Air polluted by urban smog, contaminated waste, chemical products, endocrine system disruptors, heat waves, extreme weather events… All these phenomena are increasing the rate of the planet’s degradation and leaving their mark on the health of populations. More and more, our health care workers and those of our partners (Ministries of Health, local NGOs) are seeing patients suffering from “environmental pathologies,” including some cancers, chronic respiratory diseases, such as asthma, diarrheal diseases, malaria, etc. If the environment and health are strongly linked, so are environmental and humanitarian crises.
Scientists are repeatedly raising alarms. As recently as 2019, 11,000 researchers from around the world signed the third “warning to humanity” concerning the climate emergency. The conclusion of the report is indisputable: without fundamental and lasting changes to limit our ecological impact, peoples’ “untold suffering” is inevitable. What are we doing to change the situation?
Sub-Saharan Africa disportionately affected
The entire planet is affected, and will continue to be affected more and more. But not everywhere in the same way, nor with the same intensity. The map of vulnerabilities is quite clear: the Indian subcontinent and sub-Saharan Africa will be the most affected. Even in a positive scenario of compliance with the Paris Agreement*, Africa’s Sahel region and southern Africa will face an additional temperature rise of at least 2°C by the year 2050.
Our teams see it each day in the sub-Saharan countries where we operate – and the worst is yet to come. Droughts and torrential rains promise to be even more frequent and intense, devastating crops, fueling inevitable social tensions and causing major population displacements. There is no doubt that the need for health and humanitarian assistance will increase.
“Climate change will have a massive impact on humanitarian needs in the areas where we work, but it will also force us to rethink the way we operate,” says Dr. Moumouni Kinda, Director of Operations at ALIMA. “We must therefore adopt good practices now to be a responsible actor.”
Only one collective path is viable: development that is more sustainable, more resilient and more equitable in terms of resource sharing.
ALIMA is committed
Similar to hospitals, universities and public institutions, NGOs also contribute to local and global pollution, and therefore have an impact on people’s health. It is time to act.
Given that 98% of ALIMA’s humanitarian professionals are African, we have a unique role to play. Close to the local populations, our staff are the best able to both witness and raise alerts on the consequences of the environmental crisis on patients. They are also best placed to act. For ALIMA, the adoption of an environmental framework is essential.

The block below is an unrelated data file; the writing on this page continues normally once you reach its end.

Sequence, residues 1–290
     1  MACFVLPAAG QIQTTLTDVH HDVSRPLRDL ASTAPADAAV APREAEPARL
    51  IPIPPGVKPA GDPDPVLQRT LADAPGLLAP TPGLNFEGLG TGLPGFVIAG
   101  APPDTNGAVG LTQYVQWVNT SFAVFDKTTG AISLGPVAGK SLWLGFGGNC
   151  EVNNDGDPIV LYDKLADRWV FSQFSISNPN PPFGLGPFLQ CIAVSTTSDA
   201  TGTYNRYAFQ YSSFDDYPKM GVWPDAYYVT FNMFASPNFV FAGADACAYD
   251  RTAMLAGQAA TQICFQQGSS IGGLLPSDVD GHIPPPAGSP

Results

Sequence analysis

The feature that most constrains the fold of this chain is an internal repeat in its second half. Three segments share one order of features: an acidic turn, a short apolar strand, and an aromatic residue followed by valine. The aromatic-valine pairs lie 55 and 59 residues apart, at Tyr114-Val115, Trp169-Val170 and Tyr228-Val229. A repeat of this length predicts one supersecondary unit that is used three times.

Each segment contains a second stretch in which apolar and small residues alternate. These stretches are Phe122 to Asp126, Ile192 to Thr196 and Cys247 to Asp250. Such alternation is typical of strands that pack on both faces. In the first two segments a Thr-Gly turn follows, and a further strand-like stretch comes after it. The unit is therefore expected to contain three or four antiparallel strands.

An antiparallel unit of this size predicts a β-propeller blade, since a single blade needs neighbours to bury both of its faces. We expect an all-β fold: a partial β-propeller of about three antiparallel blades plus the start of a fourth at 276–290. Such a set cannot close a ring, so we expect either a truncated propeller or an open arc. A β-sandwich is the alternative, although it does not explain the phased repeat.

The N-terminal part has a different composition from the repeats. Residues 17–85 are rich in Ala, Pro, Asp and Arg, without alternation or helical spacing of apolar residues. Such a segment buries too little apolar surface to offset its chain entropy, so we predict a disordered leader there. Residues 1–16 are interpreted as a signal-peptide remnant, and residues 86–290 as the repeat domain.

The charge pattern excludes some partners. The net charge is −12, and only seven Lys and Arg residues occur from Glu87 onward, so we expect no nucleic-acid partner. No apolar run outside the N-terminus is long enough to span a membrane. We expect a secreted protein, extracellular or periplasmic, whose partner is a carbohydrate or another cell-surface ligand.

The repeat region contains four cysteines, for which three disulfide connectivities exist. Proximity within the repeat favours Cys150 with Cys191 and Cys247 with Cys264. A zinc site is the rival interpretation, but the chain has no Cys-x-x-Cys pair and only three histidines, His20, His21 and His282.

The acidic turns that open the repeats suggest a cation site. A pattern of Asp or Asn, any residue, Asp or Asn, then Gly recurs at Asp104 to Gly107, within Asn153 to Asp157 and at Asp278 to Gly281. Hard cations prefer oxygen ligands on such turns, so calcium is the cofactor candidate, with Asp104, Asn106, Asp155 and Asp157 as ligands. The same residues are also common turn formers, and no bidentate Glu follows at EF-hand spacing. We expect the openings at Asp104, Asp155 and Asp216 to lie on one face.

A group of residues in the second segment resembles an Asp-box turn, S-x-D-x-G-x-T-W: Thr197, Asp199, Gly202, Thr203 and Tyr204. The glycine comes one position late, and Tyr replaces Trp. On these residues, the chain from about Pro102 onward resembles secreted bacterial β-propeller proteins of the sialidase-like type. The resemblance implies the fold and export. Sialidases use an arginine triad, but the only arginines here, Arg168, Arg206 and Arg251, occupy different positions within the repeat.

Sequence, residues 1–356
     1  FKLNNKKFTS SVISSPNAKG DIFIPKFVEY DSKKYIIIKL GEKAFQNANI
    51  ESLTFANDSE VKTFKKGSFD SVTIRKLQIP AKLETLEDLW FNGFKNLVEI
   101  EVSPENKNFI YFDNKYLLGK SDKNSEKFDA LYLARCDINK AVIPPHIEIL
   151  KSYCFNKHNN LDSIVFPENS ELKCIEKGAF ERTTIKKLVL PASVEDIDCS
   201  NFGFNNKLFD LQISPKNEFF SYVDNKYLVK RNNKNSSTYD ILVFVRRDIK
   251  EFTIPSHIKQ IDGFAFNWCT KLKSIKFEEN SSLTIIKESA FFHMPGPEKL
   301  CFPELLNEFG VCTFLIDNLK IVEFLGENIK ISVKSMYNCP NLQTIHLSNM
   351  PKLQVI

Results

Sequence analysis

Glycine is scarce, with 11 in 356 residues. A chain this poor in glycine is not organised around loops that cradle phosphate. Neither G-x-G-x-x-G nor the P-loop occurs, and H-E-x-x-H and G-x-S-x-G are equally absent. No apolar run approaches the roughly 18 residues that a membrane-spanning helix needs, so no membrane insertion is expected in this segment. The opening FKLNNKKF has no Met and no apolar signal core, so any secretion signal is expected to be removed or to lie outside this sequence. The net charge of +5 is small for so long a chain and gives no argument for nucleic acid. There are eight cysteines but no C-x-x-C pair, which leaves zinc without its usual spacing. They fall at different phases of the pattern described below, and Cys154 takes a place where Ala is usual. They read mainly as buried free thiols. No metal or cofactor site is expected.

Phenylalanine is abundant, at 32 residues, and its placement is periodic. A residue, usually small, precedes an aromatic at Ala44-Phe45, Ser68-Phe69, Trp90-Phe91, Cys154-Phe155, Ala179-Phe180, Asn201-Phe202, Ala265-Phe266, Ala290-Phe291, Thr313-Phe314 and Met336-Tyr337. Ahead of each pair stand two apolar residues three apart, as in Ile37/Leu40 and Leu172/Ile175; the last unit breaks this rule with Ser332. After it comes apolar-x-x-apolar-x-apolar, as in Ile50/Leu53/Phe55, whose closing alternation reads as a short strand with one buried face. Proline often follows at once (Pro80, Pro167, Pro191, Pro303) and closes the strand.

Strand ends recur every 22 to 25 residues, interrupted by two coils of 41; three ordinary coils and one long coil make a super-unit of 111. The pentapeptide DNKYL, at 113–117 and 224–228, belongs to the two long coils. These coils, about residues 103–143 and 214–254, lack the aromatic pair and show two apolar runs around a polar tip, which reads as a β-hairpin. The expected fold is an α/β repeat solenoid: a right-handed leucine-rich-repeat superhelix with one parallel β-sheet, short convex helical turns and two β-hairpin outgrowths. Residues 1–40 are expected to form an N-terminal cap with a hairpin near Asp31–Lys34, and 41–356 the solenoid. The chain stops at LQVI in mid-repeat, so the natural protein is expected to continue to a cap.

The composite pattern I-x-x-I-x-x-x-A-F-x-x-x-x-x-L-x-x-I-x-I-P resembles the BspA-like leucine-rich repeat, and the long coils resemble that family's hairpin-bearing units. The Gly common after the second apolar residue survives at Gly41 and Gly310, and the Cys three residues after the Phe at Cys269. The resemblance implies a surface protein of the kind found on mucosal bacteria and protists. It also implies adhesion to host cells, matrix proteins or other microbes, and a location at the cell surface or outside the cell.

“We need to know, monitor and reduce the carbon footprint of our collective action in the field and at our headquarters, by radically transforming the way we intervene, travel and purchase materials,” says Henri Leblanc, ALIMA’s Deputy Chief Executive Officer. “It is essential that we think about emergency humanitarian action and environmental emergencies together.”
With ALIMA’s operational headquarters in Dakar, Senegal, one of our unique features as an NGO is that our regional teams and local partners are as close as possible to the field, which already limits our carbon footprint. But we need to go even further. The lessons learned from the COVID-19 crisis, which forced us to drastically reduce intercontinental travel, must be further integrated and perpetuated.
In solidarity with the most-affected communities, we at ALIMA want to work towards setting an example. We thus set the following primary objectives:
– Reduce our carbon footprint to scientifically acceptable levels
– Implement sustainable alternatives to our most harmful practices
– Develop medical projects adapted to meet both local health and environmental needs
– Anticipate the growth of health needs and the evolution of their typology
– Lead the health care sector towards sustainable operational practices, notably by becoming the driving force behind the Climate Action Accelerator initiative, which aims to bring together several major organizations in the aid sector and support them in their efforts to reduce CO2 emissions, as part of a broader environmental approach
– Witness and advocate from Africa the consequences of the environmental crisis – most recently by co-signing a Declaration of Commitment by humanitarian organizations for the climate, alongside nine other member organizations of the Humanitarian Environment Network.
ALIMA now affirms our commitment to an environmental approach and will be accountable for our progress to our patients and their communities, our partners and the general public.
* First global agreement on climate and global warming adopted in 2015. It sets out a global framework to avoid dangerous climate change by limiting global warming to well below 2°C.
Cover photo: © Patrick Meinhardt / ALIMA